Updated April 26, 2021
In State Farm’s annual animal collision study, Indiana ranks 24th on the list of states where drivers are most likely to have a collision with a deer. Although position 24 may not sound very high, look at it this way: Drivers have a nearly 1 in 100 chance of being involved in a car crash with in Indiana between 2020 and 2021.
A car colliding with a deer can cause serious property damage and injury to the driver and other occupants of the vehicle. Or, in an even worse scenario, the driver could swerve into another car, leading to additional injuries and damage. Understanding the dangers of deer on the roadways and how to avoid collisions with these animals will help keep you, your passengers, and others on the road safe.
According to the Indiana Department of Natural Resources (DNR), deer are common throughout the state and can adapt to many landscapes and habitat conditions. Male deer weigh an average of 175 lbs. and female deer weigh 120 lbs. on average. Deer can run up to 35 miles per hour and jump a distance of eight feet.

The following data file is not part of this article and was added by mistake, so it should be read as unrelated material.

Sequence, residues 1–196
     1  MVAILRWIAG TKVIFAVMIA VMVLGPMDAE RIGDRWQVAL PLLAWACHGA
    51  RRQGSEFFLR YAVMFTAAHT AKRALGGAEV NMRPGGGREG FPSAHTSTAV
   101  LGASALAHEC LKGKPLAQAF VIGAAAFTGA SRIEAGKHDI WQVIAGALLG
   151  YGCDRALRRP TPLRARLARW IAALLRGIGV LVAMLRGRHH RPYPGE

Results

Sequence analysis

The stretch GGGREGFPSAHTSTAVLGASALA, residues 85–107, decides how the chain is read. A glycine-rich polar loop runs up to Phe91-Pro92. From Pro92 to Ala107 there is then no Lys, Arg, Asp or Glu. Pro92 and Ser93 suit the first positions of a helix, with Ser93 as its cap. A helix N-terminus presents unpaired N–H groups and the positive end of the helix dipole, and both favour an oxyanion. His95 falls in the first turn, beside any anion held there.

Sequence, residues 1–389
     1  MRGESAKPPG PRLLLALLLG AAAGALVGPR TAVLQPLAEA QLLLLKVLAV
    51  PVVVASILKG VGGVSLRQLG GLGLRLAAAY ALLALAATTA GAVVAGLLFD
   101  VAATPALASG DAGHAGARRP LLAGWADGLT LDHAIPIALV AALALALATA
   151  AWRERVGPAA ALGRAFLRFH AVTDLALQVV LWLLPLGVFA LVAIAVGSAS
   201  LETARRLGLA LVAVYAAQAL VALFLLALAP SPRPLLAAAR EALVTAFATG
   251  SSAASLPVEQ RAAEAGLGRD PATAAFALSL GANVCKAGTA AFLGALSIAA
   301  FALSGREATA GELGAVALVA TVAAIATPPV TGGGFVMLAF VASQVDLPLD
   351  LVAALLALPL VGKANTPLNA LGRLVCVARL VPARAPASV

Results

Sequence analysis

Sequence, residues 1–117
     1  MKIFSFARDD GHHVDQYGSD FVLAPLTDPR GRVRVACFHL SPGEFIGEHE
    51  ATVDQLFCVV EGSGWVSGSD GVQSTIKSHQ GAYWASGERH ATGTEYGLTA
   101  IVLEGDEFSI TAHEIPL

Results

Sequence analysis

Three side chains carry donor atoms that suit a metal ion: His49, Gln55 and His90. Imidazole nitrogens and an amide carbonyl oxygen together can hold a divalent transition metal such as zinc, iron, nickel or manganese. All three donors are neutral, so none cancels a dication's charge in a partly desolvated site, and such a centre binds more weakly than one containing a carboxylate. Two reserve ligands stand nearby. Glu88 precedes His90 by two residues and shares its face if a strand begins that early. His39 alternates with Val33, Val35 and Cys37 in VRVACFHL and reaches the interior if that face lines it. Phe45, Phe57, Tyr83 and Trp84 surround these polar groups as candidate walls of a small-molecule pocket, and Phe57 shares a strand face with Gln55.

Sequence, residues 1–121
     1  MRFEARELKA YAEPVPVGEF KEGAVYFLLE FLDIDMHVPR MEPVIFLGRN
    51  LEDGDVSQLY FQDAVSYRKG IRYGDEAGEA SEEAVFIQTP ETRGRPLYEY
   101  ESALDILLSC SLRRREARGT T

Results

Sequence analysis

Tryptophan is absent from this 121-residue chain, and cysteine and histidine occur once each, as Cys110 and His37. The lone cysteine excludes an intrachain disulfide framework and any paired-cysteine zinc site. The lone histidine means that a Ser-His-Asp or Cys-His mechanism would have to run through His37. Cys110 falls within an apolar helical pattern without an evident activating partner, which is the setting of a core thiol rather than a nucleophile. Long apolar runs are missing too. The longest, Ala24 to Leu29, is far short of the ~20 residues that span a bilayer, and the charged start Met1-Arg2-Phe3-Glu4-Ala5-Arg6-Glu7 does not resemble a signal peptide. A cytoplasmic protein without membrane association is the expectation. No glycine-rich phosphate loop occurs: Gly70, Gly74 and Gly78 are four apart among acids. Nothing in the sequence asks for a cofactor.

Hitting a deer always has the potential for causing injury to you, passengers, and surrounding vehicles. You will likely have car damage from hitting a deer, too. Between their size, speed, hooves, and antlers, there is a possibility that major damages, serious injuries, or even death may occur.
According to the Insurance Institute for Highway Safety, there were 185 total deaths due to car accidents involving animals in 2019. Approximately 1.5 million deer/car accidents were claimed with insurance companies in the United States between 2020-2021. Collisions can lead to minor or major injuries such as whiplash, fractures, or cuts.